Correcting the etymology of p’ú ‘to shoot’: it’s Nootka Jargon

A separate discovery in Captain George “Vancouver’s Discovery of Puget Sound“, edited by Edmond S. Meany (Portland, OR: Binfords & Mort, 1957)…


“Poo!” (Image credit: What Guns Were Like in 1792)

In 1792 as the first Euro-Americans to visit Puget Sound, Vancouver’s crew encountered the Dxʷləšucid (Lushootseed Salish) people of Vashon Island, nowadays a Seattle suburb.

These people exclaimed “poo!” at the novelty of every gunshot that they observed (151).

So fixated were they on that marvel that, to any questions from the White “Drifters”, they answered “poo! poo!” while pointing to a nearby island where the latter had been bird-hunting.

“Poo!” could be taken for a Chinuk Wawa word, except that…

…1792 is way too early, and, not even a single other Chinook Jargon word, or Nootka Jargon word for that matter, is cited.

However, “poo!” does seem to be an isolated loan from puu ‘gun’ in Nuuchahnulth to these people who had only heard of such contraptions.

/puu/ is pretty much universal among the Southern Wakashan (Nuuchahnulth) languages and dialects, meaning ‘gun; rifle’, to judge from the valuable “T’aat’aaqsapa” dictionary. (Which, erroneously I think, labels the word as “from Chinook Jargon”!) A separate root is used for ‘shooting’, I imagine repurposed from ‘shooting arrows’; see the next paragraph.

Central Coast Salish words for ‘shoot’ and ‘gun’ are very different from this: Dxʷləšucid has xʷúltəb-àlc ‘gun’, literally ‘Drifters-bow (and arrow)’, using the pre-Chinook Jargon word for White people, who were later called Bostons, and a native suffix for ‘bow’. (Compare Interior Salish ‘metal-bow’.)

One of the nicest proofs of the “Nootka” origin of “poo!” is the modern S’Klallam Coast Salish — neighbours of the Nuuchahnulth — word for ‘gun’, púya(ʔ)kʷ ~ púyək.

This word, which has no sensible etymology within S’Klallam (which, besides, has changed a lot of its native /p/ to /č/), is a loan from an otherwise undocumented Nuuchahnulth noun puu-y’akʷ ~’gun-instrument, shooting-instrument’!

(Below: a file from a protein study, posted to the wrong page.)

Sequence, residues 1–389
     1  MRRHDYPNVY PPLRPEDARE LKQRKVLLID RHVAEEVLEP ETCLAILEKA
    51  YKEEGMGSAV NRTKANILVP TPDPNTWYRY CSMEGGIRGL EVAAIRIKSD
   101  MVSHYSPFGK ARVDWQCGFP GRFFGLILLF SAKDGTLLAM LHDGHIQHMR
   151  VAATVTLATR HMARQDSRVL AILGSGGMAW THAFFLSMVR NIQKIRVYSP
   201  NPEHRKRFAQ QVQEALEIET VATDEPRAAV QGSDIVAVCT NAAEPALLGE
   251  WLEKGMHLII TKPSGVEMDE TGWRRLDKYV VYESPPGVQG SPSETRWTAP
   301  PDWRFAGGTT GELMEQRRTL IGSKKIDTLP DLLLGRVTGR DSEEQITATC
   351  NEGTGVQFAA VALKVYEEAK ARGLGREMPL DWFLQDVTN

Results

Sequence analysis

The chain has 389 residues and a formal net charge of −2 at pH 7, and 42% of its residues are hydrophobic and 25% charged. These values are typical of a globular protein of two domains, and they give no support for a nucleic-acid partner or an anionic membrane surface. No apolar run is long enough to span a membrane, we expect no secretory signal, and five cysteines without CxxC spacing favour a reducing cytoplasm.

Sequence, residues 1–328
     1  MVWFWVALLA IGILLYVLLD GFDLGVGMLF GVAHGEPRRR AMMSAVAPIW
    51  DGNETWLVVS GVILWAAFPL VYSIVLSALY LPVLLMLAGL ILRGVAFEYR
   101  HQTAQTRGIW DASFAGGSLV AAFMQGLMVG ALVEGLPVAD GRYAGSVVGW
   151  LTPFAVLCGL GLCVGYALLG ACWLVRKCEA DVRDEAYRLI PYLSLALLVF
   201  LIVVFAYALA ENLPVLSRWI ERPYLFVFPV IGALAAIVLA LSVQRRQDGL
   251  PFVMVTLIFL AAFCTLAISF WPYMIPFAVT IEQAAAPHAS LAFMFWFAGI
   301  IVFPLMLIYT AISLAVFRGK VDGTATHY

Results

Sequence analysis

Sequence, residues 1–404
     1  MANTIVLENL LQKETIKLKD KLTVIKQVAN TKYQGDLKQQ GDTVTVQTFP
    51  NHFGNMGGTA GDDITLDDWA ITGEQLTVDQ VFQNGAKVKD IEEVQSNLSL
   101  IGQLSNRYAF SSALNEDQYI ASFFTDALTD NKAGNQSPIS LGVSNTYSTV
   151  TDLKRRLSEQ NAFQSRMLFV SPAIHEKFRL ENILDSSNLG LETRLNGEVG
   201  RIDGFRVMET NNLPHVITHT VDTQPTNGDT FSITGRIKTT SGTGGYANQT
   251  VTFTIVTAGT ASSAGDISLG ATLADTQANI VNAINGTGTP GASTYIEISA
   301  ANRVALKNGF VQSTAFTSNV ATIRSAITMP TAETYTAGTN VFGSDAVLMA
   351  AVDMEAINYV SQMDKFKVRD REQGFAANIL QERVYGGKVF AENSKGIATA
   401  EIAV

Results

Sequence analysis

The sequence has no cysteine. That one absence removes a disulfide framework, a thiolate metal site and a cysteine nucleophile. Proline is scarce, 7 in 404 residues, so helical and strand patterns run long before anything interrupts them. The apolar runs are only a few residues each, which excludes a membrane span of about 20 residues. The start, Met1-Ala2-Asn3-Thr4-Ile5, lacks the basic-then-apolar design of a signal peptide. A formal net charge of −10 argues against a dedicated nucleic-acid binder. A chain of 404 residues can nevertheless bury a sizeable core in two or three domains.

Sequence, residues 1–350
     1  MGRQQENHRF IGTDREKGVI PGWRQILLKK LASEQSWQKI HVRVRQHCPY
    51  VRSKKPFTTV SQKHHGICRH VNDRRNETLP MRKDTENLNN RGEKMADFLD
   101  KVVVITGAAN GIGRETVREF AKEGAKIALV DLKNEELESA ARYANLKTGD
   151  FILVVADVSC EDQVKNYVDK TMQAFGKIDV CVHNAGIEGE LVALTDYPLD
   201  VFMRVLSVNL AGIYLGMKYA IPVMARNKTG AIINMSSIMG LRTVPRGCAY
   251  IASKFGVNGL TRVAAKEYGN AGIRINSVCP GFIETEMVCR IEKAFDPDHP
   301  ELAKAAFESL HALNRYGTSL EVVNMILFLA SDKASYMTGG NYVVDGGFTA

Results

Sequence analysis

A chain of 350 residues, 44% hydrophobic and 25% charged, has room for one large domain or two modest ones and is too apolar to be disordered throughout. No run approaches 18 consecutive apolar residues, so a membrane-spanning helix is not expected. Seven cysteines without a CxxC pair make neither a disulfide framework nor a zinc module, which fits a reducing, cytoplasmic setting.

Here I should mention that the excellent 2012 Grand Ronde Tribes dictionary gives the etymology of p’ú, as the word for ‘shoot’ is pronounced there, as coming from Chinookan pú or púpu ‘blow’.

While that shape & meaning combination is widespread in the Pacific Northwest (often with a final xʷ, and also occurring in Salish & Nuuchahnulth!), I feel we can now confidently assert that the word instead traces to Nuuchahnulth.

Therefore, “poo” was introduced to the Columbia River region by early Drifters, who were trying to speak Nootka Jargon.

Indigenous languages of that area, such as Southwest Washington Salish, use quite different root-words for ‘guns’ and ‘shooting’, which suggests that they had not yet heard of “poo” from Native neighbors.

Bonus fact:

We might add that p’ú is possibly also a noun, from the evidence in George Gibbs’ 1863 dictionary of Fort Vancouver-area CW, where he notes < moxt poo > ‘a double-barrelled gun’ and < tohum poo > ‘a six-shooter’. I say ‘possibly a noun’ because those phrases can be seen as containing numerical adverbs, ‘twice’ and ‘six times’, according to known Jargon grammar; the analysis remains indeterminate.

What do you think?